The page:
Digital Design Platform - BIM
C.F. Møller has contributed to defining how the industry uses BIM as a tool. Back in 2004, we already used BIM in the creation of the new Akershus University Hospital in Oslo. We have been active in the Danish development project called "the Digital Building". Today, all of our projects are BIM projects, and all of our project managers work according to this method.
BIM stands for Building Information Modelling. BIM is used to create digital models of the physical and functional characteristics of a building. It is also a working method, and a way of managing information during the construction process.
C.F. Møller's tools
We work with the following software:
- Mainly software developed by Autodesk
- Project design: Revit
- Collision control: Navisworks
- Quantity takeoff: Revit, Quantity Takeoff and Sigma from Codegroup
- Planning: dRofus from Nosyko
In our BIM project design, the 3D models are not in files, but in databases that can read data interactively, and thereby enrich each other. This offers a previously unseen opportunity to process and compare data between the different types of software.
So far, the Revit model is the central data intermediary between the different databases. We are now performing development work to build up our own database to harvest and structure the information from the above tools in a knowledge sharing network.
C.F. Møller's BIM organisation
C.F. Møller's internal BIM organisation tackles the problems encountered by project designing architects and structural engineers in this information-intensive project design environment.
All project design staff are trained in Revit, and each department is supported with a BIM Manager. We run fixed courses and a large number of internal workshops in order to constantly increase our employees' competences.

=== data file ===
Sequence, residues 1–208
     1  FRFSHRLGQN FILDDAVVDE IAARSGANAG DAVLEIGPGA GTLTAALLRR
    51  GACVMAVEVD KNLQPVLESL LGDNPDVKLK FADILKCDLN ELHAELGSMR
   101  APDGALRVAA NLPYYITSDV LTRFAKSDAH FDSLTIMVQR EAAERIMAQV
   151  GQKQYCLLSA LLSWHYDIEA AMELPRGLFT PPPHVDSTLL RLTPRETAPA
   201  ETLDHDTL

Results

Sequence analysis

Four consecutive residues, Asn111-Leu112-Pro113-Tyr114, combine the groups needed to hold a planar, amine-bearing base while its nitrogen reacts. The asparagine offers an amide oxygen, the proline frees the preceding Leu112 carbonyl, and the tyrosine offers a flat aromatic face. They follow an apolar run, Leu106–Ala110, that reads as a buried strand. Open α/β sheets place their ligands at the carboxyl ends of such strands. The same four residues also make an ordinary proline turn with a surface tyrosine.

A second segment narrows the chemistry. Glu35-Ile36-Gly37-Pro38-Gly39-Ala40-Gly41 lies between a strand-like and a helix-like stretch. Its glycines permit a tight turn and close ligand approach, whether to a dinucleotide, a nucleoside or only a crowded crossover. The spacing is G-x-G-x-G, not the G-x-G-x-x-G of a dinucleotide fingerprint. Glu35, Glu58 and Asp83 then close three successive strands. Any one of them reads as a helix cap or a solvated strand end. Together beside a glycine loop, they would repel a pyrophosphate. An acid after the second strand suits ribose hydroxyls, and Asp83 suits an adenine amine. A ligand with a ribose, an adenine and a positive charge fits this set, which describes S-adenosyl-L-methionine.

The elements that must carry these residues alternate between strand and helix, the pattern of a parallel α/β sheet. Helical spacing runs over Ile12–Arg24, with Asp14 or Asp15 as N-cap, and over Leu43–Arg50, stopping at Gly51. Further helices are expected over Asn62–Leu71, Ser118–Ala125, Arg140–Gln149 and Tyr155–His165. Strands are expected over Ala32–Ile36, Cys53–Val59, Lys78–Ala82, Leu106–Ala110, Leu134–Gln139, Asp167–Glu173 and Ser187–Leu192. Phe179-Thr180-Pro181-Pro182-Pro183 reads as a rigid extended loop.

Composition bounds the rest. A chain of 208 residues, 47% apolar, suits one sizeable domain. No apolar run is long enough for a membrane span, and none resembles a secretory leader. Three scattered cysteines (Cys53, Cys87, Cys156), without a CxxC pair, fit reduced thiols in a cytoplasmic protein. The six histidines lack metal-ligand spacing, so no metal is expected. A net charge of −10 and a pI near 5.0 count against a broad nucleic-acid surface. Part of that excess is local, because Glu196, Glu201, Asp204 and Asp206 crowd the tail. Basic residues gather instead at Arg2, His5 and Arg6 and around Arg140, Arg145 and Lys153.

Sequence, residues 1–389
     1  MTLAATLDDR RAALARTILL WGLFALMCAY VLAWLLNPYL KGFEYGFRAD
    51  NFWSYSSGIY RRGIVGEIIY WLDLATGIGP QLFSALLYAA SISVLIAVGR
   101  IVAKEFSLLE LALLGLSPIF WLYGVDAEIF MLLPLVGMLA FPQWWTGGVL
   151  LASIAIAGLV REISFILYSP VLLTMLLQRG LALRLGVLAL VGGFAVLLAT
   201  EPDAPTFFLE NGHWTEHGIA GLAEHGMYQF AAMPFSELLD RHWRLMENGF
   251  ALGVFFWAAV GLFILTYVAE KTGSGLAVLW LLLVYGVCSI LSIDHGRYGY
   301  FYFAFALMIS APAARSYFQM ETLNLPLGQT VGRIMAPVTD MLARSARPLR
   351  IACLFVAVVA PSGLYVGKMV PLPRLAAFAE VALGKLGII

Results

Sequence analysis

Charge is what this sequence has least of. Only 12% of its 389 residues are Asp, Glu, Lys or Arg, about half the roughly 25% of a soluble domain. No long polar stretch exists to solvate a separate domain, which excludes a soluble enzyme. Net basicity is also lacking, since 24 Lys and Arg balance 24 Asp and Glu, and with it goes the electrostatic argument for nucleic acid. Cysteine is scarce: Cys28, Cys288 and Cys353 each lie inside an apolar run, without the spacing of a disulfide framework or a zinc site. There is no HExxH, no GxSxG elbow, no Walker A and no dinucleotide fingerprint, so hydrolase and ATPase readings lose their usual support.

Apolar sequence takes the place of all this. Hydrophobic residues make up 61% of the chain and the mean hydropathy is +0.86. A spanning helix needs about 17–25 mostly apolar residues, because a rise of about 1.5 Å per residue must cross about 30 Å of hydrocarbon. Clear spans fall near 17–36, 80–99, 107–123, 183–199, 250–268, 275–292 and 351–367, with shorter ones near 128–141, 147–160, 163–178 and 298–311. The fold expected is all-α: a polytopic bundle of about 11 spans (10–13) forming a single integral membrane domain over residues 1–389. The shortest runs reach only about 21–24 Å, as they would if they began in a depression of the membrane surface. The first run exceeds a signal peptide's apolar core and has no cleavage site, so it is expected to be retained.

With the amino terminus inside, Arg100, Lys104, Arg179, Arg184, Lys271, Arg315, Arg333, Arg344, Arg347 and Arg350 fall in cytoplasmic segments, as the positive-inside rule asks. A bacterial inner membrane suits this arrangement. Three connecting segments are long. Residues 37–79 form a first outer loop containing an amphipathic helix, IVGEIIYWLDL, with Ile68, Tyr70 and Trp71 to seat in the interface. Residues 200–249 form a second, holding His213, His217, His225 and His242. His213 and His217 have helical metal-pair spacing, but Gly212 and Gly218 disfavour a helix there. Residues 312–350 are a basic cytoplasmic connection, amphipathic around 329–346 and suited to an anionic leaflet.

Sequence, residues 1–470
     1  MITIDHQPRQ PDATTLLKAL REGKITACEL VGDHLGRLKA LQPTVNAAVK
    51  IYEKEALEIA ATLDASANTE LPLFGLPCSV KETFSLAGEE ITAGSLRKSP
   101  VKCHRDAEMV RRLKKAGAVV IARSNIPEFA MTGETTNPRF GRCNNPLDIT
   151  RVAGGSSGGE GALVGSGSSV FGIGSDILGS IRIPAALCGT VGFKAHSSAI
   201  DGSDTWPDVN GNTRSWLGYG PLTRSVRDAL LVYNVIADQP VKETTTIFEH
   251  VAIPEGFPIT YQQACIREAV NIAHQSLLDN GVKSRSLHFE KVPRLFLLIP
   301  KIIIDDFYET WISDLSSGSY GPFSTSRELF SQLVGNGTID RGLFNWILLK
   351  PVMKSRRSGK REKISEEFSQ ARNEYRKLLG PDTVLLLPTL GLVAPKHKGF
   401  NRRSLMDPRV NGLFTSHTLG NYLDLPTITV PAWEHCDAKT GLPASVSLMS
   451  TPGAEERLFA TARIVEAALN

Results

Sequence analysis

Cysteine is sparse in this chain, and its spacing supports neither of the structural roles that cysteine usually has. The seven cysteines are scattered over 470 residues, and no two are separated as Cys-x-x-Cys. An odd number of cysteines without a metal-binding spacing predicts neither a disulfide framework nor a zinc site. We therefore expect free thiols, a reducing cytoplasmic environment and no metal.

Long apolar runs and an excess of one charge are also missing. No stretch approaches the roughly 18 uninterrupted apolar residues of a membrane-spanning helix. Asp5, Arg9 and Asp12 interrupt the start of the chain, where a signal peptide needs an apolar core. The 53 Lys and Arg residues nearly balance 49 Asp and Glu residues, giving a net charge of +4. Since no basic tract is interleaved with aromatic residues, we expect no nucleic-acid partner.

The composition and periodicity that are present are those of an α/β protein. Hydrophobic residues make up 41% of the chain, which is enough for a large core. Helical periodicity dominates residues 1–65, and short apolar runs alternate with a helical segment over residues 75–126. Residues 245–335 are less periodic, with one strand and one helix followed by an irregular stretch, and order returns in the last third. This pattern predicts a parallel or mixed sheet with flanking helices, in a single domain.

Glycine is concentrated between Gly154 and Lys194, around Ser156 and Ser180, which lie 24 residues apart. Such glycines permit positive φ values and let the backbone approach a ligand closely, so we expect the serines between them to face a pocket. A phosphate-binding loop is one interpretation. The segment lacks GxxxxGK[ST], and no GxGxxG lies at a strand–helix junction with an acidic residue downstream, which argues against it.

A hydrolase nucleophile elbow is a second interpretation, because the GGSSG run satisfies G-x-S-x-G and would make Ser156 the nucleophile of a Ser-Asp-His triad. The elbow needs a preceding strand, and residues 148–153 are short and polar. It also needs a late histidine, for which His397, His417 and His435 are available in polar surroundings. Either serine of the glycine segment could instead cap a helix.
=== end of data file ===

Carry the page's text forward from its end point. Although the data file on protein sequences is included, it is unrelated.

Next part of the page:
What is BIM?
BIM stands for Building Information Modelling. BIM is used to create digital models of the physical and functional characteristics of a building. It is also a working method, and a way of managing information throughout a building's life cycle. BIM is not limited to specific tools or programs.
Integrated cooperation between the construction parties
BIM can be used by anyone that owns or works on designing, constructing or managing a facility or building - be they architects, contractors, clients, managers and service suppliers - in a methodical interaction across different sectors.
BIM is not the same as 3D CAD (Computer Aided Design) modelling. The basic purpose of CAD is to illustrate and help people to visualise the appearance of a future building. BIM can also do this, yet BIM also includes detailed information on how a building should function.
Simulation of building characteristics
BIM also includes information on component details and specifications, materials, information on structural loads, air flows, water flows, spatial relations, costs and information on objects' structure, fire, sound and other characteristics, unit prices, lifetimes, delivery times, operating costs and environmental impacts, and so on.
Using BIM, architects and structural engineers can, for example, simulate how the wind will move around and through a building, and how ventilation and wind speed will change if the building's structure or surface material is altered.
Throughout the building's life cycle - from idea to financing, building, ongoing operation, and demolition, digital building models are at the hub of all construction project activities, and the cooperation between the various parties. BIM means closer cooperation between the parties and extends to every player taking part in a project.
When all players work in BIM, this puts everything from idea to financing, construction and ongoing operation on a more secure, effective and streamlined basis.